The same poll question is appearing on almost every Boston sports website:
Should Jackie Bradley Jr. make the Red Sox Opening Day roster?
I pick B, which might sound bizarre because I’ve said before that the Red Sox keep some prospects in the minors too long while other teams such as the 2012 Baltimore Orioles — who promoted 20-year-old Manny Machado without any Triple-A experience — have benefitted greatly from promoting and relying on young talent.
Let’s face it: The 2013 Red Sox are a long shot to make the playoffs. It’s more crucial now than ever to keep an eye on the future.
Bradley Jr. — along with Xander Bogaerts, Allen Webster and Matt Barnes — is a big part of Boston’s future.
Therefore, Boston GM Ben Cherington and manager John Farrell should agree that it is in the best interest of the organization to keep Bradley in a Red Sox uniform for as long as possible, meaning through at least the 2019 season and not just 2018.
The Red Sox could get an extra year out of Bradley by assigning him to Triple-A Pawtucket to start this year and promoting him to Boston on April 11 or later.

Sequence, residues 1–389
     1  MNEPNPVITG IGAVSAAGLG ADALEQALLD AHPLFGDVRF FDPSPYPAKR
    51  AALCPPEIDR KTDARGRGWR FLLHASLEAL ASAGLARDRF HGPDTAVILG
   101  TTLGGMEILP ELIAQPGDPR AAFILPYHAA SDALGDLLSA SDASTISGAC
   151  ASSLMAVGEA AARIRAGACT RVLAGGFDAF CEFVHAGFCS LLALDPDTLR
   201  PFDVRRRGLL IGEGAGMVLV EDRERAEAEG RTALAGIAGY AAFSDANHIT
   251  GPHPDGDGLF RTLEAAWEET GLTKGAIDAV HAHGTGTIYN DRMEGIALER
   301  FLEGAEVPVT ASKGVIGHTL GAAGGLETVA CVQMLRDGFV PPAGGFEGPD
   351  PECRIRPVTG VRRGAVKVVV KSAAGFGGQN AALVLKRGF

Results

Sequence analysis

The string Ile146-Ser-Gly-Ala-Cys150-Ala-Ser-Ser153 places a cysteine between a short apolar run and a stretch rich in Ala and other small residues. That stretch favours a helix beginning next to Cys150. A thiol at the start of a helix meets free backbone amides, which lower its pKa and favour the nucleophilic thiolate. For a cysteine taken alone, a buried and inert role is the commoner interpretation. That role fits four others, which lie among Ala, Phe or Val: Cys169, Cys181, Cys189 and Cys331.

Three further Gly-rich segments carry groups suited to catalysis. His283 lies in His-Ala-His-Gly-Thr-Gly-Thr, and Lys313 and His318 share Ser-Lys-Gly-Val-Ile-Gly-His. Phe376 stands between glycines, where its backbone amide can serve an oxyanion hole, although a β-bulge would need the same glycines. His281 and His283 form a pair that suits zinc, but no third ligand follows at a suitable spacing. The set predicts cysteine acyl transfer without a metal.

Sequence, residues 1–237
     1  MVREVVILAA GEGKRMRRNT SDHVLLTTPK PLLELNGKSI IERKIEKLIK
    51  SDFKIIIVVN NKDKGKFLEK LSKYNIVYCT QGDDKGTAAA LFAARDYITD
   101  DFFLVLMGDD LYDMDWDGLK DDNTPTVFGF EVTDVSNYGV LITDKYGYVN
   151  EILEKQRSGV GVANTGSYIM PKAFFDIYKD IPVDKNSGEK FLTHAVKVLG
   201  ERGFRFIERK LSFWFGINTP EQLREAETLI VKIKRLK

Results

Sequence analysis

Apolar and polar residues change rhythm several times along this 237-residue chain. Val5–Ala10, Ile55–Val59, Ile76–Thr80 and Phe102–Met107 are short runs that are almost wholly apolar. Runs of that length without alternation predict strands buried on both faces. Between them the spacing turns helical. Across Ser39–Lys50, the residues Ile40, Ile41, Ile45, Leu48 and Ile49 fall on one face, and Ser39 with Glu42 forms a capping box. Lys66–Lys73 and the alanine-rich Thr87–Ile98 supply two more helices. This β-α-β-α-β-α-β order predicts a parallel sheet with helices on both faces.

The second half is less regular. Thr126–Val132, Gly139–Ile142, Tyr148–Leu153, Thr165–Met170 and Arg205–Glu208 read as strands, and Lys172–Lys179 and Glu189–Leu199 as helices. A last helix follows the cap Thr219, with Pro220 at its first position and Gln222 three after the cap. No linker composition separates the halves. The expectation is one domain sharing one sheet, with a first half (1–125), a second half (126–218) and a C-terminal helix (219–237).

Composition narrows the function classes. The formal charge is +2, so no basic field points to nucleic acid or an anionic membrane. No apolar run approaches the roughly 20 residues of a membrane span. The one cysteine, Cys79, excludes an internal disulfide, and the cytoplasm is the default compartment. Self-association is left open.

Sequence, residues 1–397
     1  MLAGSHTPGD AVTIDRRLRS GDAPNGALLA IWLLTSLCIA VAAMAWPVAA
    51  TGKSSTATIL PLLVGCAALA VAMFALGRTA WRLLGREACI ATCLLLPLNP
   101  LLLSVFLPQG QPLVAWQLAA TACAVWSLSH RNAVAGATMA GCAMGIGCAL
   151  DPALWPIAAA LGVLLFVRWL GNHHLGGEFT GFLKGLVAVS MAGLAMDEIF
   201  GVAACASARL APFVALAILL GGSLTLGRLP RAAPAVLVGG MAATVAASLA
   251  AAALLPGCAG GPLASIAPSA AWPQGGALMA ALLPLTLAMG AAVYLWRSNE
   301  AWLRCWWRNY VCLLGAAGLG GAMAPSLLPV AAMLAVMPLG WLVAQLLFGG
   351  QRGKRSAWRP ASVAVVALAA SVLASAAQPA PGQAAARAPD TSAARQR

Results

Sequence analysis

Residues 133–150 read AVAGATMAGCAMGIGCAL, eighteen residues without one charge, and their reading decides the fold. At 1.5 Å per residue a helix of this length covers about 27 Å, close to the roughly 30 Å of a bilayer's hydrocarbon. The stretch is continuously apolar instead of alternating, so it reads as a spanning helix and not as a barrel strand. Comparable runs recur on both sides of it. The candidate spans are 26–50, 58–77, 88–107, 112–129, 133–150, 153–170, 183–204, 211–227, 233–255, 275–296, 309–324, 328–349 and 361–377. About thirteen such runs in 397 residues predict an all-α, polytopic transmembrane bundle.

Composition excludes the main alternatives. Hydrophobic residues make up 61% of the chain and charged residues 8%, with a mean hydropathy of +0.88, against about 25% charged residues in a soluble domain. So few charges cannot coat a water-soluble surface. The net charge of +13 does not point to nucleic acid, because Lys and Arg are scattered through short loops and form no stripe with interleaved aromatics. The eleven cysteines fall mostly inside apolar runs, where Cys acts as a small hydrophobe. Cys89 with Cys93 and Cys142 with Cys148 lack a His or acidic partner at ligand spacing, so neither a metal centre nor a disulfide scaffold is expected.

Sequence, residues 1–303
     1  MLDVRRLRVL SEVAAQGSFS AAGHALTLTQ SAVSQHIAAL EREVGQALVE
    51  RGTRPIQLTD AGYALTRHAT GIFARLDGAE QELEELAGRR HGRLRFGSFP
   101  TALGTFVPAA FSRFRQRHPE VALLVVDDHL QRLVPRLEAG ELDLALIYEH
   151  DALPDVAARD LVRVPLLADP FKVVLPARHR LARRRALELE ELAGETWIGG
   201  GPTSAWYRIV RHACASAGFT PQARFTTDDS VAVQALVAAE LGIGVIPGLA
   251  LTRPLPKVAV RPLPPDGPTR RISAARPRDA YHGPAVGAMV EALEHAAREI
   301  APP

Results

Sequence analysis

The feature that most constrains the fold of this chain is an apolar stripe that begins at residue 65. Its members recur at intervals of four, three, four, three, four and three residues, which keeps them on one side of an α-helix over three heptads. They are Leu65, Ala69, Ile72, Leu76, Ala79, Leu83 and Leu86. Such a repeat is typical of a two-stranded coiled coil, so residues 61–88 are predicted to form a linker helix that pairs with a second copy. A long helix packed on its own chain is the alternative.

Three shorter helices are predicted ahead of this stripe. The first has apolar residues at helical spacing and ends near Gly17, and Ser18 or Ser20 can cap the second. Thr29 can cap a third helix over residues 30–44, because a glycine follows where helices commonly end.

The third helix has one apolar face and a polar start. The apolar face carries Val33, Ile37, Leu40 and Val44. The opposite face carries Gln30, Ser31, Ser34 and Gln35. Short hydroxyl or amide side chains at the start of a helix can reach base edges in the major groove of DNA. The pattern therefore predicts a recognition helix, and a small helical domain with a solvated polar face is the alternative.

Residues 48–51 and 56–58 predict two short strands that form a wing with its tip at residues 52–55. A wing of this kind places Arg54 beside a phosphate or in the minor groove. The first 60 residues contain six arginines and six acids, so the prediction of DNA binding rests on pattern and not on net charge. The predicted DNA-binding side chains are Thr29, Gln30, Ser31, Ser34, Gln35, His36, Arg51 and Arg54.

“The major goal for all organizations is to develop impact players that an organization has control of during their prime years,” Red Sox director of player development Ben Crockett told The Eagle-Tribune last year.
Crockett is right. The fundamental goal — for both big and small market major league teams — is to build from within before turning to free agency and to keep homegrown players in the organization for as long as possible at a reasonable salary.
Boston needs Bradley in his prime for seven years, not six.
A player is granted free agency for the first time if he is not under contact after his sixth season. A player completes a full major league season when on the big league club’s active roster for 172 days during one season.